California’s radical new climate law
California is preparing to tackle it’s most challenging climate law yet with SB 32, which was recently sent to Governor Jerry Brown in August 2016, having been passed after more than ten years of discussion. The bill requires drastic reductions in greenhouse gas emissions throughout the next fifteen years, impacting numerous industries across the state. The measure states specifically that the state must reduce its greenhouse gas emissions to 40% below 1990 levels by 2030, regardless of population and economic growth. It continues the reach of the former AB 32, also called the “Global Warming Solutions Act,” signed in 2006 by Governor Arnold Schwarzenegger, which required California to cut emissions to 1990 levels by 2020.
Why is this climate law so challenging?
According to experts in the field, the bill will likely mean such changes as an increase in electric car manufacturing, new revised tax credits and incentives impacting solar and wind power, greater efficiency standards on buildings’ water systems, high-speed rail, water use reduction by 20% per person, hydrogen-powered trucks, increased efficiency in heating and windows, supermarket grocery labels showing products’ carbon footprints, landfill obligations to capture and re-use natural gas emissions, penalties for purchasing gas-powered vehicles, and more.
Although California is on track for the goal, having already successfully cut emissions down by 9.4% from their highest levels in 2004, some insist the new bill will still be an enormous challenge. “This is going to be damn hard,” said Jim Sweeney, Stanford University’s Precourt Energy Efficiency Center Director, “It’s a herculean task.”
Counting on CARB
The Golden State previously handed the obligation of implementing the requirements of AB 32 to the California Air Resources Board, or CARB, which completes the task by utilizing a mix of regulations and market mechanisms. The result was a cap-and-trade system that “imposed a ceiling on greenhouse-gas emissions across key sectors and then distributed a fixed number of trade-able pollution permits to businesses. The total number of permits dwindles each year.” In other words, the cap-and-trade program required businesses to either bring down their CO2 emissions or try to obtain permits for not doing so—as they assessed which was cheaper overall. As Vox’s Brad Plumer explains, “The idea is that by setting a price on carbon, cap-and-trade forces businesses to figure out how best to cut pollution.”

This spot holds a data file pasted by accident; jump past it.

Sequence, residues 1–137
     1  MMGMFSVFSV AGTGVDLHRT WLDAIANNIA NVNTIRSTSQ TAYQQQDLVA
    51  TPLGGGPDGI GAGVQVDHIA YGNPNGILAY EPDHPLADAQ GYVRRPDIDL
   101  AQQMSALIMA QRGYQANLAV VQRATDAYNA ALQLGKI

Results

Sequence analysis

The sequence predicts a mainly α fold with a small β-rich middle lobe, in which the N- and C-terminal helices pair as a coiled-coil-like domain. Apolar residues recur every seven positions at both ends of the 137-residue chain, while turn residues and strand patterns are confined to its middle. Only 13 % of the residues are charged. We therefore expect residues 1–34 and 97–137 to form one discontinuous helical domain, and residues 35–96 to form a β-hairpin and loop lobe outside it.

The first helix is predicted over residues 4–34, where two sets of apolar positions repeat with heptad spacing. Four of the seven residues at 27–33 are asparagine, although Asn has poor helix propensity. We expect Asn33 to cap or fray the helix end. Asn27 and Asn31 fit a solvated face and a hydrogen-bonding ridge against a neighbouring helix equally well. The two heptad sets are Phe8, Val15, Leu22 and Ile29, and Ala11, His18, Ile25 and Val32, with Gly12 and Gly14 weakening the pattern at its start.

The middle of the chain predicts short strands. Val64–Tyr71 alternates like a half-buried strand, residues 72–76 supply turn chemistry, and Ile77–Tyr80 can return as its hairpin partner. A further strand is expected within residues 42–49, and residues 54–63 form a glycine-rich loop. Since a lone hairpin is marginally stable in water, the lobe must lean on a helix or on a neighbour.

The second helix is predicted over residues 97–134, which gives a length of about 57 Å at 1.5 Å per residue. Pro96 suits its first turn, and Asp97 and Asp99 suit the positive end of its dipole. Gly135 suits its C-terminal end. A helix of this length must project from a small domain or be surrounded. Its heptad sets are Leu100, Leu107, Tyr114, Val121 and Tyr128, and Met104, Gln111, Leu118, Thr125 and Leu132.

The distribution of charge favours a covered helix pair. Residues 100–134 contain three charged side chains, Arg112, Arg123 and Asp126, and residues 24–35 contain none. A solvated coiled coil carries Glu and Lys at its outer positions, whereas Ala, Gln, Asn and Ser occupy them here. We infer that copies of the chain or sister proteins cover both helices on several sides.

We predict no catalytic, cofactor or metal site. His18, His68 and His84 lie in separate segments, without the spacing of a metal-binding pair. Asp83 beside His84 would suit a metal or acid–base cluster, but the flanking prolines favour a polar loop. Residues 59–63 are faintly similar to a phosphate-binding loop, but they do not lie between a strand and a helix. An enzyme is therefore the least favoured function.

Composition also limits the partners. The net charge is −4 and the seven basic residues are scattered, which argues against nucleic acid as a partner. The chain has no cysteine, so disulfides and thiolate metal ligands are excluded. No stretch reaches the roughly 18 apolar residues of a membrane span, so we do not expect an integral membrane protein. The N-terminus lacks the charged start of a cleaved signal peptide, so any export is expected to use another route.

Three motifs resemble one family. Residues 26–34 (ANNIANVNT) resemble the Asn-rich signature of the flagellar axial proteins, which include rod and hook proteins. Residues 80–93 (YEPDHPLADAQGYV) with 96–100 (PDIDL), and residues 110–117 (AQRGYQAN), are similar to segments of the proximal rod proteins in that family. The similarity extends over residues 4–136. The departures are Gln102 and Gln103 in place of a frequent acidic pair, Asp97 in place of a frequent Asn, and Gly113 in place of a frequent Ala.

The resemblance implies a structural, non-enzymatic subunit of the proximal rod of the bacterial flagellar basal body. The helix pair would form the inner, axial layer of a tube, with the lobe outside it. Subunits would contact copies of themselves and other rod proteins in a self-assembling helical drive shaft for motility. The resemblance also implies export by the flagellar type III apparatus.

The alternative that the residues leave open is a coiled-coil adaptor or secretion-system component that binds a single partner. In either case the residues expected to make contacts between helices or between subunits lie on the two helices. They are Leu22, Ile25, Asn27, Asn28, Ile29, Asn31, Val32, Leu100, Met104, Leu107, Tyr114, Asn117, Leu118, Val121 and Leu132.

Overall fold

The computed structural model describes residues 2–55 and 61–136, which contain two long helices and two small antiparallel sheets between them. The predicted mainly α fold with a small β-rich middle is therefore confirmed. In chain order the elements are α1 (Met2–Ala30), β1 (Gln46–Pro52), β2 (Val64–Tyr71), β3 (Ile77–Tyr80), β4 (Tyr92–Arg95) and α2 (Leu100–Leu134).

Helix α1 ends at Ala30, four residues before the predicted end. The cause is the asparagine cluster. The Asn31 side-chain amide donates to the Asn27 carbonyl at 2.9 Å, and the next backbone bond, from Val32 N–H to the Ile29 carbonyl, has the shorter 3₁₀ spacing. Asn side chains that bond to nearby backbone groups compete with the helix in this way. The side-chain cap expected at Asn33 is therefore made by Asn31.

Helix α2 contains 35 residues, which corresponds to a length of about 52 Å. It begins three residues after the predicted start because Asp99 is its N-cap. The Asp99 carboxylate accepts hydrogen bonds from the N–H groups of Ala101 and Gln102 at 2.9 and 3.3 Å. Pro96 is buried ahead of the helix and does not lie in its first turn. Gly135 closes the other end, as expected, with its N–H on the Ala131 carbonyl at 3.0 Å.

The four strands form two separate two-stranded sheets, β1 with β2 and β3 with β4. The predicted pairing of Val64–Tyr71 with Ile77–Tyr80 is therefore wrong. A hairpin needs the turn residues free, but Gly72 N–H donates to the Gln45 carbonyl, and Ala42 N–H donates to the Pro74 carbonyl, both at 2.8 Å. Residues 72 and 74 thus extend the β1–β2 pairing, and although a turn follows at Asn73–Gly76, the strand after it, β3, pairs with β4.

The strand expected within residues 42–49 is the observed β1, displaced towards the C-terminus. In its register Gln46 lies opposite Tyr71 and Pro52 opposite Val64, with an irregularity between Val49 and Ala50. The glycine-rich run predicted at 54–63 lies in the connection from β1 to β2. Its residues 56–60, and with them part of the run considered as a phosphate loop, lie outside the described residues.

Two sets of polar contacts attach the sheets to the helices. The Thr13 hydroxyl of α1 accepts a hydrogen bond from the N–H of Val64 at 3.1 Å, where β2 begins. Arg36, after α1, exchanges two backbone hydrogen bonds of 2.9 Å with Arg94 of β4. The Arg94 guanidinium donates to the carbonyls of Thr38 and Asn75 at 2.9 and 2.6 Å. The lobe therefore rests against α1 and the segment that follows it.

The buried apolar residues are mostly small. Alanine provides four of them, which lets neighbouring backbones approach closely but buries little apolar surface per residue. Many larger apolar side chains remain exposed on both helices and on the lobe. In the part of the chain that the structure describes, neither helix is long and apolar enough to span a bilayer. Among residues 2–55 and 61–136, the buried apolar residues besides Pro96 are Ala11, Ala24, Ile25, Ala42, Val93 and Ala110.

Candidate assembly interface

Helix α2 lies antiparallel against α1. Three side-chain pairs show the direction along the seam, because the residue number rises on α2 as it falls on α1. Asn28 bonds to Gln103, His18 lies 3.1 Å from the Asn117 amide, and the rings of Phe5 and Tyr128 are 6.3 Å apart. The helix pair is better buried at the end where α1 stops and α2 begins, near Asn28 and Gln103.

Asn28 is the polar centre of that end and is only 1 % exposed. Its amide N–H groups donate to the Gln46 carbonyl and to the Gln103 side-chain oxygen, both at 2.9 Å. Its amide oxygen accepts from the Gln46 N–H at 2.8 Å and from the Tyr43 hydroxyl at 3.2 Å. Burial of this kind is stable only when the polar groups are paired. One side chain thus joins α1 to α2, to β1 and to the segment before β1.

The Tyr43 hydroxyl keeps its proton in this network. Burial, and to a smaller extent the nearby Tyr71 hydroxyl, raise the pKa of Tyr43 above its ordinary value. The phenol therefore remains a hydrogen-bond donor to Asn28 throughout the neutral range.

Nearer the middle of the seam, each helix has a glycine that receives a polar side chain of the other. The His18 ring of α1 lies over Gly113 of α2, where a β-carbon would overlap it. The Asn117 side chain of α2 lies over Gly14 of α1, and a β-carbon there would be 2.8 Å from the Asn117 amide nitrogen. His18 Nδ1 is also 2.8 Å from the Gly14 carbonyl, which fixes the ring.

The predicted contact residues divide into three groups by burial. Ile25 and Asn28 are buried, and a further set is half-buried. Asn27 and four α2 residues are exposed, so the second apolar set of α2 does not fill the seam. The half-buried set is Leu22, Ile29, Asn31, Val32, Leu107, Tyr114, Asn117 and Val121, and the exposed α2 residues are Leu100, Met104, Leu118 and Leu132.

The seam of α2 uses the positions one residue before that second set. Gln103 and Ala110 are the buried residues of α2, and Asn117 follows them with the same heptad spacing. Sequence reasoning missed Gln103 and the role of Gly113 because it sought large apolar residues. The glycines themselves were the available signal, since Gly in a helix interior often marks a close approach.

Last week’s vote on the SB 32 offers CARB a continuation of control in these areas. They are allowed a great deal of flexibility in this, and can either expand current policies or create new ones—but they aren’t without their opponents. The legality of the cap-and-trade system is currently still under question (which may place current cap-and-trade systems into peril by 2020), and there are also those who disliked the entirety of control going to CARB alone—so they followed SB 32 up with a “companion bill,” AB 197. AB 197 requires two legislative members be placed onto the board of CARB and a report be issued regularly to the Assembly/Senate, as well as the prioritization of “direct emissions reductions.”
Much work remains
Existing laws may help move things along, such as a state law requiring utilities to produce 50% of their electricity from solar and other renewables by 2030, as well as a nationwide law requiring automakers to double gas mileage standards from 27 miles per gallon to 54 miles per gallon by 2025. These are helpful, but not helpful enough to reach the goals outlined in SB 32. Numerous areas of consideration must be pursued throughout all intersecting avenues of energy production and other sectors to arrive at the optimal plan. As California plunges into new terrain in climate law, the rest of the country watches to see how efficiently their plans work—or don’t.